“What helps us a lot as well is that we get all those foreigners from outside who come to Luxembourg for work and then join the clubs because they want to play hockey,” Scheier said. “We’ve got some players that have played in higher leagues throughout the world, so they bring a lot of talent to practice and to the teams. And that helps the Luxembourgish players improve as well.”
With only three rinks and a small population, Luxembourg doesn’t have the resources to support its own league, but it does have a club (Beaufort Knights) in Division 2 of the Belgian League and another (Tornado Luxembourg) in France’s lowest pro league. None of the players are paid. In fact, all of them pay to play, including Scheier and his same-age cousin, Benny Welter.
Although Luxembourg has been a member of the IIHF since 1912, eight years before Canada joined, the country didn’t participate in its first World Championship until 1992 and then not again until 2000. Both Scheier and Welter have been on the national team since then while playing for Tornado Luxembourg. They get together once a week with others from the national team to prepare for the worlds, but between club practices, work, school and family, rarely is Luxembourg able to practise as a full team until the last minute.
“Sometimes we only meet all together at the World Championship,” Welter said. “For most teams it’s like that. Most meet at the hotel just before the tournament begins.”
Day 7 – IIHF
Next year many of the players will again meet at the hotel, though not Scheier whose swan song ends unceremoniously as Bulgaria shuts out Luxembourg. Afterward, Turkey and Turkmenistan join tournament-winning Bulgaria, in its run-of-the-mill red, green and white jerseys, to accept their silver and bronze medals.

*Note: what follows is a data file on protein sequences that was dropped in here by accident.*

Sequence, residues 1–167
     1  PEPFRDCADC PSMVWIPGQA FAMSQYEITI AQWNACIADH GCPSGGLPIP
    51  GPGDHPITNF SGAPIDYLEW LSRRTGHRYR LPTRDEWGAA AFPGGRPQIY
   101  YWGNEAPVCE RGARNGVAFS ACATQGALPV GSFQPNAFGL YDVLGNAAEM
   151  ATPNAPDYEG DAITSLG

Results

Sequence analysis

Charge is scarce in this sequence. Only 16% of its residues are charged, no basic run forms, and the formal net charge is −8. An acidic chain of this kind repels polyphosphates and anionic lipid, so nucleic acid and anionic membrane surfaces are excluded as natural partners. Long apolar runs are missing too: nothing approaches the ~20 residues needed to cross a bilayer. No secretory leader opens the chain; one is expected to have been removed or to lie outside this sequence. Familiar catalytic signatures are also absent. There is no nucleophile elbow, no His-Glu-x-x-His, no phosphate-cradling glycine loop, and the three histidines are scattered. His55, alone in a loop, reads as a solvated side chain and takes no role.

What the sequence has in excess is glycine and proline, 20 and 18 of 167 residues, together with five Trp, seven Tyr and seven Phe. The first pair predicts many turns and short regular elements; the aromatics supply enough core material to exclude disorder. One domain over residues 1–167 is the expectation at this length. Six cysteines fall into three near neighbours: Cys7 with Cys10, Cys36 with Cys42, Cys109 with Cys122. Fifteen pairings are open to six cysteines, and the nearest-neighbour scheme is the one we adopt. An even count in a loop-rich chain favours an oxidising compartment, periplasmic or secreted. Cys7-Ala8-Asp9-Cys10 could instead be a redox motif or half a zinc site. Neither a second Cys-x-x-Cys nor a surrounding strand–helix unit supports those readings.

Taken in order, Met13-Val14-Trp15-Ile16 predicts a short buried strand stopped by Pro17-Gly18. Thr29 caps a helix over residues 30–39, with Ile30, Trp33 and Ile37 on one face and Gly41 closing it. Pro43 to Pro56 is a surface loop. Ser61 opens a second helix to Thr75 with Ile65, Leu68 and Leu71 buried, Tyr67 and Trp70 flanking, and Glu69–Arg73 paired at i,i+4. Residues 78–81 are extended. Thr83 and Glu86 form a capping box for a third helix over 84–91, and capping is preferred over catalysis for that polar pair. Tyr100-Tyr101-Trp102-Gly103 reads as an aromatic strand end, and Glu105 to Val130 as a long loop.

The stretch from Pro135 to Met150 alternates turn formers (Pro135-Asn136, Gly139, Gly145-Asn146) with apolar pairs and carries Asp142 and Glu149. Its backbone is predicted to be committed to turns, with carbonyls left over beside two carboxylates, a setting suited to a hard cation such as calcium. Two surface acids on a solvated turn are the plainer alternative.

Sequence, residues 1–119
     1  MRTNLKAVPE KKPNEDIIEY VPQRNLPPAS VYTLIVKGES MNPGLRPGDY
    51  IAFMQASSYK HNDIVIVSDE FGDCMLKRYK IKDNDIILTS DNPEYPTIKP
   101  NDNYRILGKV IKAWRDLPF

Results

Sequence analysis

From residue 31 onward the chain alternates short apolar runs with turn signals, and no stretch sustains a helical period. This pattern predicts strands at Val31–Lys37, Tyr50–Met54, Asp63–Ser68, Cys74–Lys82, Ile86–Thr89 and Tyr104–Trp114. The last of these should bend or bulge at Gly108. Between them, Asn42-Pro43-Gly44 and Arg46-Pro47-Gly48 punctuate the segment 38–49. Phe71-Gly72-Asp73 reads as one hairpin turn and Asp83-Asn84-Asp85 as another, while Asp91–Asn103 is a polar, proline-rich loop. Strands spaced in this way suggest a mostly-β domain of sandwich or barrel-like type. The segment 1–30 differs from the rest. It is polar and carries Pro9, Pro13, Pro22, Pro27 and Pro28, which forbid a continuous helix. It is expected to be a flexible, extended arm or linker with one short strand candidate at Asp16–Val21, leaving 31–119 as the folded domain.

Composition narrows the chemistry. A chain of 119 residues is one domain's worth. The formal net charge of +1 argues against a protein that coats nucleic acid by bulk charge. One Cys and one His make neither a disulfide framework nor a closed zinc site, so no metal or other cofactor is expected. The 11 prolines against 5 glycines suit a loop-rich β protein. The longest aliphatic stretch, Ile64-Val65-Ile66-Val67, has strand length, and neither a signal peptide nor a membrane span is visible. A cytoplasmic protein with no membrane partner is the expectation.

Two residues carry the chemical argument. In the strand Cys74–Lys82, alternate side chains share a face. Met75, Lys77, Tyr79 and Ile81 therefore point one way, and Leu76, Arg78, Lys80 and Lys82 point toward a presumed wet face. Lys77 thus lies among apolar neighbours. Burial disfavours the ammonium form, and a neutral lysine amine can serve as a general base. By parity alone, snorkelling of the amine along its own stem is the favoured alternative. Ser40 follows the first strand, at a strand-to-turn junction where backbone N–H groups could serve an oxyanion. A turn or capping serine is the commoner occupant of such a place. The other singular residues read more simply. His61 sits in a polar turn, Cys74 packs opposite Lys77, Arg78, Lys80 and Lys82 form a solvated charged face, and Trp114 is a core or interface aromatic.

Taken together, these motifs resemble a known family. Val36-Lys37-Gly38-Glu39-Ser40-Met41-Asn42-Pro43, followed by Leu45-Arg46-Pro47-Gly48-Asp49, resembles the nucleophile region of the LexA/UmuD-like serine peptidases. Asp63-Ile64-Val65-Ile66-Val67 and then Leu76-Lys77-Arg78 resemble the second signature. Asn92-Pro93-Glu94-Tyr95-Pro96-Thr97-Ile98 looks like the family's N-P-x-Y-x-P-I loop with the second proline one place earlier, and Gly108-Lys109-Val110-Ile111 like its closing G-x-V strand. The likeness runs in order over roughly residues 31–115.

Bulgaria’s Dimitrov and Vasilev win top goalie and best forward, respectively, while Yen-Lin Shen takes home best defenseman for Chinese Taipei. In 2020 Bulgaria will move up to Div. II Group B, leaving Turkey and Turkmenistan as the favorites for gold in Div. III along with North Korea, which was relegated. They’ll be joined again by Luxembourg and Chinese Taipei as well as the United Arab Emirates, which earned promotion from the division’s qualifying tournament. With Turkey, Turkmenistan and the UAE all in the same group, next year will mark the first time that three Muslim nations have made it to Div. III.
Despite sending Deraney home with a win in its final game, South Africa wasn’t able to avoid relegation. Deraney doesn’t know if he’ll be back behind the team’s bench, but he leaves with an appreciation for hockey in unsung places of the world and an admiration for the players who keep it going. “These are the emerging teams,” Deraney said. “These are the players who aren’t high-profile athletes, who don’t get the funding, don’t get the fanfare, don’t get the notoriety. They play because they just want to move up. They play for their country.
“They play for the love of the game.”